I have been trying to figure out how I ended up at the camp, what led me to sign up for this week in Pipestem, WV. The best that I can recall - about a year ago, I read the Post-Gazette reports about the investigation into the Upper Big Branch mining disaster, and it made me ill - the callous disregard of coal mine owners, particularly Don Blankenship, for the health and well-being of the miners and the mining communities and the "look the other way" practices of publicly funded regulatory bodies made me ill. Shortly thereafter I decided to participate in the March on Blair Mountain, wanting to understand the issues better, wondering if and how they might connect to Western Pennsylvania's own fracking controversies. So I went to Blair Mountain, and then continued to read and listen, and somehow ended up at the Mountain Justice camp in the heart of the Appalachians.
My parents grew up in Harlan County, KY, in the small US Steel-owned coal-mining town of Lynch. They shopped at the company store, and lived in company-owned homes on the clearly socially-stratified main street of town (an old story - it was a little scandalous that my mother, who lived in the No. 6 block, married my father, whose family lived in No. 5). As a child, we visited Lynch often - the smell of the mountains this week took me back immediately to Lynch.
None of my grandparents or uncles worked in the mines, but my dad's cousins and uncles did. I remember stories about black lung disease, and mine injuries. I also remember what I heard a lot about this week - the boom and bust cycle of being a miner. Boys I knew became miners as early as possible - this was in the boom years - and had big cars and married young. A few years later, they were poor. Back and forth, up and down.
My parents lived in Lynch for awhile after they married, then left when my dad decided to go to the University of KY to study engineering. But to my mom, Lynch was "home." So learning - or re-learning - about mountains and mining has pulled at me over the last year in ways that I can't quite understand or explain.
The camp took place at the Appalachian South Folk Life Center - a pastoral setting looking out on breathtakingly beautiful mountains. Each morning, I sat at the top of a hill looking out over the misted mountains, listening to the birds. And all day into the evening I attended workshops about mountain top removal from all angles - Appalachian culture and history, rural vs urban activism, facilitation practices, solidarity economics, non-hierarchical organizing. I was one of only a few folks older than 40 (okay, I was probably the oldest person there), and I had the privilege of learning from much younger people who were either born in some part of Appalachia or have chosen to live and work there, all serving as social justice activists. I don't know what I expected - I don't know that I had any particular expectations - but what I experienced was unexpected.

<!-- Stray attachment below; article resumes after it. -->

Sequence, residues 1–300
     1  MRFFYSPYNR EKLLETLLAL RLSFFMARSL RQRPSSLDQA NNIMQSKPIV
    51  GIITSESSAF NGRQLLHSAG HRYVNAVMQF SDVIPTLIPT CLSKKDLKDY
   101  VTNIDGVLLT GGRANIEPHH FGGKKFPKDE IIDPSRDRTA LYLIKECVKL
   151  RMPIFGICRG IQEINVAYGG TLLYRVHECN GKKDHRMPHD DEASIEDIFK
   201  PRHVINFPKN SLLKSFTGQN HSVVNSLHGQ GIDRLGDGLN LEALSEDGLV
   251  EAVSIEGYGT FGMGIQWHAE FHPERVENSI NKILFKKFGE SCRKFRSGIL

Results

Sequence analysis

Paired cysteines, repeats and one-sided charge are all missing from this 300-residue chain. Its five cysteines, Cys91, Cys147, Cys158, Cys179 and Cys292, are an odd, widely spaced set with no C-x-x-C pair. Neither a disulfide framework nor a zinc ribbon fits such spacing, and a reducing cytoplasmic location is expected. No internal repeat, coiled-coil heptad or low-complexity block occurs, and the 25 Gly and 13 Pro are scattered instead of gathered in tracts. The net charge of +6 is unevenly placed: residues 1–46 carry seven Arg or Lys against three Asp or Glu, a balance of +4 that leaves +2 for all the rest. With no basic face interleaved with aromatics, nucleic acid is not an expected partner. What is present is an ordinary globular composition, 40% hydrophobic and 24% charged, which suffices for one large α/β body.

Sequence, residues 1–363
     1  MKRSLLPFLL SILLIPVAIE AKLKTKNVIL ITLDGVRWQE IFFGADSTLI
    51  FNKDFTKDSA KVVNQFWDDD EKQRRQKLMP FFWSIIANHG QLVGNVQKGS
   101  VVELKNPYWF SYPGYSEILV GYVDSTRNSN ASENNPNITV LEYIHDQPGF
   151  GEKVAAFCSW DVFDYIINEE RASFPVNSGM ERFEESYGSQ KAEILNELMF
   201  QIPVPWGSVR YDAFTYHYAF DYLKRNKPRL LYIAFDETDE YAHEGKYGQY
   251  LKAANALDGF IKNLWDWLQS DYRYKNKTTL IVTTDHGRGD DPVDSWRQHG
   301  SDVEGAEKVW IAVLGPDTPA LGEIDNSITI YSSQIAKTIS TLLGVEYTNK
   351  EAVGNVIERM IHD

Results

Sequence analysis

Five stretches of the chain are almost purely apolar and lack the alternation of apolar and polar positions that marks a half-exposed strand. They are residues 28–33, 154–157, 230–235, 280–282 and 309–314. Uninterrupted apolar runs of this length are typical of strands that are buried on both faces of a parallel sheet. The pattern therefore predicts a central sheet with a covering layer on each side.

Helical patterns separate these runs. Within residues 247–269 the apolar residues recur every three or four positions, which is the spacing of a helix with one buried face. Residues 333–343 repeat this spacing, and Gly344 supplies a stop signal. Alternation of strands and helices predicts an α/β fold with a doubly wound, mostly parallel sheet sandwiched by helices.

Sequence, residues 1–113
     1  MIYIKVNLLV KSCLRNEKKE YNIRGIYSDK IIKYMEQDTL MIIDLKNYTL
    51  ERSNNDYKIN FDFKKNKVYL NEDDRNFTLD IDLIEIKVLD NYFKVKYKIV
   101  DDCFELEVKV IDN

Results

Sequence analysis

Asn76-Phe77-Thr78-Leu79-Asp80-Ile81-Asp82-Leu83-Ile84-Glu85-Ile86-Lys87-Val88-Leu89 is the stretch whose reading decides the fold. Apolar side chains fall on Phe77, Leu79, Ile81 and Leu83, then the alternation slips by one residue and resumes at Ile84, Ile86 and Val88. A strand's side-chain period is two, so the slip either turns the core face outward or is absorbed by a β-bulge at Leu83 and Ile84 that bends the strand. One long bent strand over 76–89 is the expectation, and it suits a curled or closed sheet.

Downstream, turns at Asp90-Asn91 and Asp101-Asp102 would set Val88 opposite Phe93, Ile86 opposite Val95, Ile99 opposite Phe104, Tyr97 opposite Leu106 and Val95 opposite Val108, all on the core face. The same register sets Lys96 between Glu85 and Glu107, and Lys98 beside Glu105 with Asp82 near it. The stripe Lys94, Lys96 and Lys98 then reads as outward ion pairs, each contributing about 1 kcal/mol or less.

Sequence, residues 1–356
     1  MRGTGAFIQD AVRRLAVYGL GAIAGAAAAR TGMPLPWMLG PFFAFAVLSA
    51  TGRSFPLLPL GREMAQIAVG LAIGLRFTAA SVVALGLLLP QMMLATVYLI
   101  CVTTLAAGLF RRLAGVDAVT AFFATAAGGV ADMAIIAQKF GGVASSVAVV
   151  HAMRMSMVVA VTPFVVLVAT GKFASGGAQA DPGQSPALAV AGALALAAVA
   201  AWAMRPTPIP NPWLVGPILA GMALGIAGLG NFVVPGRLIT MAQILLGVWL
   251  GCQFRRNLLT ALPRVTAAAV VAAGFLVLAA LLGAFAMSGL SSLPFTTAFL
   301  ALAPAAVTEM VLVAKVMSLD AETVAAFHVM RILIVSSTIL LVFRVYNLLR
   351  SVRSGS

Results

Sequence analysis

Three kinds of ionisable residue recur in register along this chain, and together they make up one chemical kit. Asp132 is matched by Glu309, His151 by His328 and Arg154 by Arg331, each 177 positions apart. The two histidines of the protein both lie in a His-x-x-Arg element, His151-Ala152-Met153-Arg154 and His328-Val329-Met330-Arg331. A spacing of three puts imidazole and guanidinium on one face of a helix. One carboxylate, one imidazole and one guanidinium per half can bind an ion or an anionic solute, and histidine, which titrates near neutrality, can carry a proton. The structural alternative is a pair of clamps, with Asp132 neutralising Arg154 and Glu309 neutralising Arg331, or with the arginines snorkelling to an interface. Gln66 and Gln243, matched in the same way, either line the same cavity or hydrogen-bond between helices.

The people in Mountain Justice, and related groups such as Radical Action for Mountain Peoples' Survival, Coal River Mountain Watch, Larry Gibson's Mountain Keepers, and others, work with community members to understand, monitor, plan, and act to stop the practice of mountain top removal. The movement to stop MTR is based upon the devastating destruction to the ecosystem of the mountains and related long-lasting harm to the physical, communal, social, and emotional lives of community members. There is a substantial body of research documenting the damage done to water systems, wildlife, human health, economic stability, community life.
And yes, the opponents of MTR are allies with others involved in fighting extractive industries, those involved with extracting coal, gas, and oil - with a particular focus on opposing the manner in which the industries operate, again with little regard for the immediate and long-term damage to human life and the ecosystem. So yes, this movement to end MTR is related closely to the efforts in Western PA and elsewhere to stop hydraulic fracturing for natural gas - better known as fracking.
What else did I learn? I got to spend time with people who defined themselves variously as radicals, activists, and anarchists, who question and are committed to swimming upstream against mainstream ideology and against business as usual, when this business hurts people. Today, two groups of campers participated in direct actions - one involving five people who chained themselves to a coal-carrying barge in Charleston, WV (yes, they were arrested) and another involving dozens of people who blocked a road leading up to an MTR site, making it impossible for the trucks that transport coal and other materials to pass through.
And I also learned that I have a whole lot more to think about. Not sure where I fit into this whole scenario, or where I go with what I learned. More later... about people, and food, and music, and stories...